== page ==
Without giving the game away as to what we’re doing, there’s a major (maybe even major squared) new product release on the way from the House of Jiva. We’re all very excited at what will be a big step forward for us. The only trouble is, we’ve had to go through agonising levels of detail in the marketing plans to back up the new release. I know, as Al Pacino famously reminded his team in “On Any Given Sunday”, it’s all about inches – the small gains, but I have to say that the product plan is vastly more interesting than the marketing plan. Perhaps that’s why so many technology companies spend much more time on their product than on marketing, despite all the evidence to suggest that marketing is as important as product. Note to self: grin and bear it.
One of the most surprising aspects of the technology industry is the relative gender bias within the software development community. Software engineers are overwhelmingly male and it seems to be accepted as a pretty natural thing. Why? It seems crazy when companies like Google and Facebook make threatening noises about the need for immigration to cover the skills gap whilst almost no one points out that software developers are recruited from only one half of the community. I’ve heard many excuses as to why this is the case, but for every argument, there is almost always a counter argument. Boys like computers more than girls? Do they? They haven’t met my daughter then. How about the fact that girls like languages more than boys. How does that fit in the picture? The sad fact is that I’ve heard too many stories of female coders being given a hard time by overwhelmingly male development teams. This has to stop. You can’t have an industry that draws talent from only half of the population; it’s wrong and it’s bad for business. We don’t have a sign hanging outside the office, but if it did, we would add “female coders welcome here”.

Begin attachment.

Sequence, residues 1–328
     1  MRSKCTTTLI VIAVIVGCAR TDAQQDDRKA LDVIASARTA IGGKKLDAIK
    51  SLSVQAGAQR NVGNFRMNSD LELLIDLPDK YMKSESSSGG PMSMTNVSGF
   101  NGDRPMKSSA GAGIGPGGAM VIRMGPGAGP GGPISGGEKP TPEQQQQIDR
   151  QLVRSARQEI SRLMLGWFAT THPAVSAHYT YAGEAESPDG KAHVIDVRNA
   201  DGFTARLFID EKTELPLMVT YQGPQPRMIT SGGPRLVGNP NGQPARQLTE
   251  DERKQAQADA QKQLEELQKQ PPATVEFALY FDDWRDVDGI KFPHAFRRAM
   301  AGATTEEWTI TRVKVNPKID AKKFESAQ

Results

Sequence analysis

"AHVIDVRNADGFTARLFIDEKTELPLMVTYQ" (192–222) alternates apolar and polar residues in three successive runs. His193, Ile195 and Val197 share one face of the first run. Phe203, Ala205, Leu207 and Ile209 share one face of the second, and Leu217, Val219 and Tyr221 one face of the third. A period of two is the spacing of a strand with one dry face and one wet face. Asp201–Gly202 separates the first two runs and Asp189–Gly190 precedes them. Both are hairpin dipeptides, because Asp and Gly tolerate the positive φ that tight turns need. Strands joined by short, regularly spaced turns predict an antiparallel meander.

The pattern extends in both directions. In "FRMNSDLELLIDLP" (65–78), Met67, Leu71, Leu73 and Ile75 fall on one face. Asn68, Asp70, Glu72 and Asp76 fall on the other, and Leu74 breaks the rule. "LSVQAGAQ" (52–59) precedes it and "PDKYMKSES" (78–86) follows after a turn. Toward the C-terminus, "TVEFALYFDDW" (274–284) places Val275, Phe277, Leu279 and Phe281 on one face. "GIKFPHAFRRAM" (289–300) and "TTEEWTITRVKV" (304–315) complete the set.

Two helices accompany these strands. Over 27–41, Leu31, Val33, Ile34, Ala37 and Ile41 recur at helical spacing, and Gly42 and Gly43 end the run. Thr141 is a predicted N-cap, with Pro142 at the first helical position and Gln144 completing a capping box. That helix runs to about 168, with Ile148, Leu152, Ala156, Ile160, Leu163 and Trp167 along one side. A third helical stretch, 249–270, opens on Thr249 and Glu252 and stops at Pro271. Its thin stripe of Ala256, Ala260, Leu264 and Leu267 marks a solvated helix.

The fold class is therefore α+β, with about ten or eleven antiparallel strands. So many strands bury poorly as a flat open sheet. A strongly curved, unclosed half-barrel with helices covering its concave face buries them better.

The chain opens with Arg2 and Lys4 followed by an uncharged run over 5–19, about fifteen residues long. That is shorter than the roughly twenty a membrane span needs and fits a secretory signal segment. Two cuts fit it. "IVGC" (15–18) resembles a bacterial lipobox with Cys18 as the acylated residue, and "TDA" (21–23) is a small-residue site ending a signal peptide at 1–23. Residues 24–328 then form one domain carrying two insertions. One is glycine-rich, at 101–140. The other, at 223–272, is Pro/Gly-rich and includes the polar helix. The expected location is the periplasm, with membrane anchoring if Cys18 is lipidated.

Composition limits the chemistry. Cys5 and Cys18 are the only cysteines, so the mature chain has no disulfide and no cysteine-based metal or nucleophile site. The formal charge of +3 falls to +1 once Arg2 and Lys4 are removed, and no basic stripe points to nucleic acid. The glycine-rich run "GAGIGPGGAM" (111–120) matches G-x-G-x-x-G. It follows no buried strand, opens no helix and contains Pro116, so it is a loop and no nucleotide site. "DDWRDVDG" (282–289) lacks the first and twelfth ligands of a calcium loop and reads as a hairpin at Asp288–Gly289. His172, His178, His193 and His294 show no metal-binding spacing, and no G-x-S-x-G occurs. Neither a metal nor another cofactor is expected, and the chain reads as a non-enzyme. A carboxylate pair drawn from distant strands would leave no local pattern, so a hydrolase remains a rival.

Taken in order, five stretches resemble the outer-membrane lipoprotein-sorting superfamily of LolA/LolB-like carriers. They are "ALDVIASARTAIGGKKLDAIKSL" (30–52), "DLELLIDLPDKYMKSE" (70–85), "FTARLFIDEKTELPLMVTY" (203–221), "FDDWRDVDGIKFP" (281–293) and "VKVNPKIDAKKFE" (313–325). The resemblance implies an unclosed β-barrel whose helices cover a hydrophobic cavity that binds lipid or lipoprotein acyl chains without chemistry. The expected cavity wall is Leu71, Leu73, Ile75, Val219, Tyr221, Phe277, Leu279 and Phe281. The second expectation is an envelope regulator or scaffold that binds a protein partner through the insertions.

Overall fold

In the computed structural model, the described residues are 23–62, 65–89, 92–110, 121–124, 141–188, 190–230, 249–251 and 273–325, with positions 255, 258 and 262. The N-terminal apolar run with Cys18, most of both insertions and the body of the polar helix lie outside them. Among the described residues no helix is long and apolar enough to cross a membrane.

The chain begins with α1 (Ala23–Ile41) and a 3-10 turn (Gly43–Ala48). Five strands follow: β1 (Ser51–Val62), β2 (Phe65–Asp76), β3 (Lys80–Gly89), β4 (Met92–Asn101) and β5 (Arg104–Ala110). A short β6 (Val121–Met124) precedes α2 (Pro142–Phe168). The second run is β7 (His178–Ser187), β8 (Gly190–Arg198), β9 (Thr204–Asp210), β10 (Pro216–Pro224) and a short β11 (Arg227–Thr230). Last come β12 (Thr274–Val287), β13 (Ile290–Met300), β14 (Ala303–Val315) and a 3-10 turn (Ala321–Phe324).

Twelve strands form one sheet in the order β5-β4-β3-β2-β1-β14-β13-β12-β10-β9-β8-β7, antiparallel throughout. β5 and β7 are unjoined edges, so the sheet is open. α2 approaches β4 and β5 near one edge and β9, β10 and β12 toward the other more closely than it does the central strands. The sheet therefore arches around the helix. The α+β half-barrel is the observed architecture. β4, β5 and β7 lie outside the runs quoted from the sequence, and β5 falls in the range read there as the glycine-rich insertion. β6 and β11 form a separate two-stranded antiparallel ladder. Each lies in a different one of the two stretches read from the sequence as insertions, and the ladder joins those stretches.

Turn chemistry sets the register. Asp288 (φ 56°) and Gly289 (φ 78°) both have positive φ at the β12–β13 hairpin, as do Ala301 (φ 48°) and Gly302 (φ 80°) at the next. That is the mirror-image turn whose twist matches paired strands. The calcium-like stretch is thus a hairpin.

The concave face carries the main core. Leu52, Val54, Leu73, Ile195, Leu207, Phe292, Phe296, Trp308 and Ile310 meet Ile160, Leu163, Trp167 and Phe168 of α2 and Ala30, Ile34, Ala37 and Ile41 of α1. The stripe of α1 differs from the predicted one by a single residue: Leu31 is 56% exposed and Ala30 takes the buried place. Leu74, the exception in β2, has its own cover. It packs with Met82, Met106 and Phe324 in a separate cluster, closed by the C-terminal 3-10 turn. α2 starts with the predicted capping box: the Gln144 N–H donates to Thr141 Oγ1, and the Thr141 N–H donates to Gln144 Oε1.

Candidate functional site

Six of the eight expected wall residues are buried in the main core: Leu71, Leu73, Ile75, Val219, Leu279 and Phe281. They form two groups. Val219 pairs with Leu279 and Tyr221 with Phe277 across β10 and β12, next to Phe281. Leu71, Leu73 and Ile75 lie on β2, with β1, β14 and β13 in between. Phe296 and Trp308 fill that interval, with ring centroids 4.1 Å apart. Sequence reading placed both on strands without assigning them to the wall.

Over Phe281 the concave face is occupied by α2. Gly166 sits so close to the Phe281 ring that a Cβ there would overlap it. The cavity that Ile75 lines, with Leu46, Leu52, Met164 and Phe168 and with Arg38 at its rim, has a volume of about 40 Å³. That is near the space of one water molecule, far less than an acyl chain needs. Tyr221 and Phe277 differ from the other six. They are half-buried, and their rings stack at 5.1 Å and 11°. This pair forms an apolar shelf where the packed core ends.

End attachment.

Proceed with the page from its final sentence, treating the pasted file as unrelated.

Is the tech industry getting too big for it’s boots? I’ve always been proud of the fact that I was part of an industry that was, on the whole, a force for good in society and whose members were pretty good corporate citizens. Most of the techies I know are pretty down to earth and the dominant worldview seems to be a neat blend of anti-estblishment, pro-education with a vaguely hippy twist.
It is possible, however, that my views are out of date. You can’t avoid the fact that there’s been a stream of news from the Google, Apple, Amazon mega-plexes, that border on the arrogant and anti civil society. Since when did we feel the need to hire an army of lobbyists to avoid paying sales tax? Since when did we feel the need to hire an army of lawyers and accountants to set up complex structures to avoid paying corporation tax? And since when did we feel it our place to lecture elected Government officials on what taxes we were prepared to pay or what immigration policy should look like?
In February 2000, I gave a speech at the Reform Club outlining how I though the industry had lost it’s way because stock option plans had become more important than great engineering. A month latter, we got our come-uppance. I can’t help but feel that 13 years later, we have again forgotten what the industry is all about: great ideas, skilful engineering and a commitment to product excellence.